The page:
It was 1984 and I was growing up in what many would later deem ‘the last golden years of Yugoslavia before the nasty divorce.’ Even though we were ethnically Croat and Montenegrin, these weren’t epithets that were espoused at home or even promoted, much less discussed. My grandfather was a card-carrying member of the communist party and had personally fought for President Tito in some of the famous campaigns which he never tired of telling us about on the Montenegrin, Bosnian and Istrian fronts. Many members of my family were in mixed marriages and none of this was never something that was frowned upon or thought of strangely. Nominally, we were all Yugoslavs. If I were to be honest and recall any type of ethnic affiliation at all, we thought of ourselves first and foremost as ‘Dalmatian,’ meaning we identified strongly with the region and province we lived in, at the expense of the republic, which even then was still referred to as the Socialist Federal Republic of Croatia.
Being Dalmatian means many things to many people and I suppose you will get a different answer depending on whom you ask, but Dalmatians have certain idiosyncrasies about them that stand out even among Croatians.
Coupled with our strange dialect which northern Croats have a hard time understanding, we are peppered with a strong sense of regional pride, cultural traditions cemented during centuries of Venetian rule and a laissez-faire attitude toward life embodied in the art of the fjaka (‘an afternoon nap’ Dalmatian style). Dalmatians very much embrace a southerner’s approach to the day, which is to say, everything is discussed over a coffee (which usually takes hours), beach time is not to be disrupted, and the only thing worthy of the devotion of the Gods is the Hajduk Split FK. I was 11-years old and completely in the dark about larger world events that would destroy the country I called home a mere seven years later.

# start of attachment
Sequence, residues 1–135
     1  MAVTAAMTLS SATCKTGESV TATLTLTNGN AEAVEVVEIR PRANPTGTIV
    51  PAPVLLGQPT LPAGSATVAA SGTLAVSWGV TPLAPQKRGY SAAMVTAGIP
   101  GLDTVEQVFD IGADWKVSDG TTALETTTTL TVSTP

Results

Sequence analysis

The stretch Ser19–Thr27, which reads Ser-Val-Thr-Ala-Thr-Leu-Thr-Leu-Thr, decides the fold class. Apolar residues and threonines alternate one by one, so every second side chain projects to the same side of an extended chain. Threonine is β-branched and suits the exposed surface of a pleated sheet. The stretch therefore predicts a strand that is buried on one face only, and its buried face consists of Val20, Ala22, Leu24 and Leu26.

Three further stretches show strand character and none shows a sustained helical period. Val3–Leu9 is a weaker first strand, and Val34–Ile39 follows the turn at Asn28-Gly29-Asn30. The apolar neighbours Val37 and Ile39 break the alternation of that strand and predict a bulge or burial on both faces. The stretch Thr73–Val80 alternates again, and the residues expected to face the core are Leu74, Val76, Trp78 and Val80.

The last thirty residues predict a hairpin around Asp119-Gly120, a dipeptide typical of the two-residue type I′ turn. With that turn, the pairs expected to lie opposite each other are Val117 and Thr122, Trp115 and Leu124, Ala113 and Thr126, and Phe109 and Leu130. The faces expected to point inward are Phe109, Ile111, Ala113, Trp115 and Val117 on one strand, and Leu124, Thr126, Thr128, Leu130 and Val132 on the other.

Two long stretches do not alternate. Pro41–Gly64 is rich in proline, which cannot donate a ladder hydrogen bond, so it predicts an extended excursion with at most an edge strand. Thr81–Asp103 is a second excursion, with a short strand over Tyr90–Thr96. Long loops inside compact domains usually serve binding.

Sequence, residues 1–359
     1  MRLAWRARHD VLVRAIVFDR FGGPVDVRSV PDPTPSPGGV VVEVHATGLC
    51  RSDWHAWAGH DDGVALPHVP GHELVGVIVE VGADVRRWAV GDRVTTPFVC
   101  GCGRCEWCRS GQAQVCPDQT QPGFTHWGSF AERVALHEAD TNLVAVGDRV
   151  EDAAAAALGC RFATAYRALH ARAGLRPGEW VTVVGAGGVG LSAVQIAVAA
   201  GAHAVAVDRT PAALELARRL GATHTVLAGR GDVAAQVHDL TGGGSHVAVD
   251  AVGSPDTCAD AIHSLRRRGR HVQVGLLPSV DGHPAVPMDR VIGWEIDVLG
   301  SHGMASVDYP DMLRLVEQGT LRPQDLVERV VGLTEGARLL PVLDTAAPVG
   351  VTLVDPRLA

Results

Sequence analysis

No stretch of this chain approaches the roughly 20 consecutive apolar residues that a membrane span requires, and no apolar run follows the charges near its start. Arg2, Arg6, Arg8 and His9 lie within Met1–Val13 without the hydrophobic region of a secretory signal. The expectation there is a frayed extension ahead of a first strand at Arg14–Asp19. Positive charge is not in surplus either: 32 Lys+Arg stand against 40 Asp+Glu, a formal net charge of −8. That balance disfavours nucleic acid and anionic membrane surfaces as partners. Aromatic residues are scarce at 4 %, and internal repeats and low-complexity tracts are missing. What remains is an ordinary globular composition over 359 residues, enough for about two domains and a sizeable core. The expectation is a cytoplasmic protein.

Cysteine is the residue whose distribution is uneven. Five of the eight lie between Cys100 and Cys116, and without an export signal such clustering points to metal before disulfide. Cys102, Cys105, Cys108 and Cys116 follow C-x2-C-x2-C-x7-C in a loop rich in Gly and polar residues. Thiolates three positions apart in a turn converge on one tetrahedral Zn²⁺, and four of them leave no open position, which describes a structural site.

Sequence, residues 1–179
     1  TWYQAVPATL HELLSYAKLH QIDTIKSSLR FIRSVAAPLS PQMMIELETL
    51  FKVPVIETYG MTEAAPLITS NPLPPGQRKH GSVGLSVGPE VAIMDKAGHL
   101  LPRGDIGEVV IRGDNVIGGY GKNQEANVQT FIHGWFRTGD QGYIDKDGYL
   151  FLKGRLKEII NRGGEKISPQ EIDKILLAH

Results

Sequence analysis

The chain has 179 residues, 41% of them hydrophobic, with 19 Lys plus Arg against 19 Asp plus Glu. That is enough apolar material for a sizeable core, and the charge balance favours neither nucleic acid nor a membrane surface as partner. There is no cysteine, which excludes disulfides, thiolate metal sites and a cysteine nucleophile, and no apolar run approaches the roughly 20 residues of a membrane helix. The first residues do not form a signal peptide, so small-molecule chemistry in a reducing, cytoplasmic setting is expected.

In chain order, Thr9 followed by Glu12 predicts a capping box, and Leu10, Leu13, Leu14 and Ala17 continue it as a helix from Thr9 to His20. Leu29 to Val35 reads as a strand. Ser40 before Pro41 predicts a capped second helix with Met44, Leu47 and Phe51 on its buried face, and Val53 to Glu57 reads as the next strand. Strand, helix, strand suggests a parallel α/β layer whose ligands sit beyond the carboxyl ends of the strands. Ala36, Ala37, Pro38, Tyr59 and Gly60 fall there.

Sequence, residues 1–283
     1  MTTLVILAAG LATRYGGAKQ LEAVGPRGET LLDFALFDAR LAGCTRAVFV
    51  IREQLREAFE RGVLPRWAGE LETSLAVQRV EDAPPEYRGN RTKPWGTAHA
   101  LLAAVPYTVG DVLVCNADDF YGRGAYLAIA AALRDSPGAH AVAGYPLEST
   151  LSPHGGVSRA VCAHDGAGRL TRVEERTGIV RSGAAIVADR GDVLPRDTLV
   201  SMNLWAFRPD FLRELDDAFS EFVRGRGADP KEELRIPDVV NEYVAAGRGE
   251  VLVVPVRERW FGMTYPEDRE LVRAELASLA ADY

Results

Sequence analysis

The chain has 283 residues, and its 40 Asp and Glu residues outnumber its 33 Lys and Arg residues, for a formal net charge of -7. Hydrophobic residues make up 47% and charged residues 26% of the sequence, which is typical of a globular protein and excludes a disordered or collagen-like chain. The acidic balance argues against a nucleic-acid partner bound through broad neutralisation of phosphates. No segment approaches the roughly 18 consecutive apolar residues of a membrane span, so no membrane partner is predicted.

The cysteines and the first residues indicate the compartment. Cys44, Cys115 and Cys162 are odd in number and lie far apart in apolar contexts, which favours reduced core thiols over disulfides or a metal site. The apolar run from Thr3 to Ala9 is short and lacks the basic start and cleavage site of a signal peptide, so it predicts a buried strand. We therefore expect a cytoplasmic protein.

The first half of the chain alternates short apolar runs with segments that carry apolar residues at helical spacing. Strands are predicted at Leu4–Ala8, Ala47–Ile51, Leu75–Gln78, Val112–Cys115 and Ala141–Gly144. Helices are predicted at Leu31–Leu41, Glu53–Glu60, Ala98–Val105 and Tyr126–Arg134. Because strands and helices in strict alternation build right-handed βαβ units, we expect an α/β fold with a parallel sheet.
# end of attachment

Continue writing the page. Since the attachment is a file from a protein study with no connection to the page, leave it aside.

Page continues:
Still, I was Dalmatian in heart and spirit, and the regional distinction of being Dalmatian is that you always- and the emphasis here is heavy on the ‘ALWAYS’ discuss the end of the tourist season in escalated tones with members of your own family. Ours was no exception. While I would sit at the dinner table and gobble on grilled fish and swish chard, or some of my Aunt Marija’s amazing baked burek pies, my grandfather would ask all of us what our impressions of the tourist season were like. This was usually followed by the typical Dalmatian clattering of ten people trying to outdo each other in terms of wit, tone and argument and when that fails, the only sure- fire way to win any debate is to just speak as loudly as you possibly can and thereby frustrate everyone else to the point of a default or pyrrhic victory.
My aunt Nada, who was about to enter her second year at the University of Zagreb proclaimed that the entire illusion of millions of tourists on the Adriatic coast was just that –smoke cover for borrowed American money that we would have to pay back and which would bode badly for Yugoslavs in the future. My aunt Marija and my grandfather, who worked for one of the largest state employers, dismissed my younger aunt with the wave of a sarcastic finger and told her that she was naïve and ill-informed. My grandfather was a member of the post-WWII nomenklatura and had witnessed the country transform itself from humble, rural beginnings to a tourist wunderkind. Nothing would change his opinion and while I listened to them argue about the revenue numbers and the strategic roadmap for the country, all seemed to agree that increased tourism was at the very least a sector that would open up the country in positive ways.
While the older generation represented by my Grandfather was worried about what this would mean for party politics, the younger generation represented by my 19-year old aunt were more concerned with day trips to Italy, languishing on beaches, and binge reading the latest ‘Roman’ undoubtedly written by some L.A. romance writer. It was a definite sign of how much things had changed in less than two generations.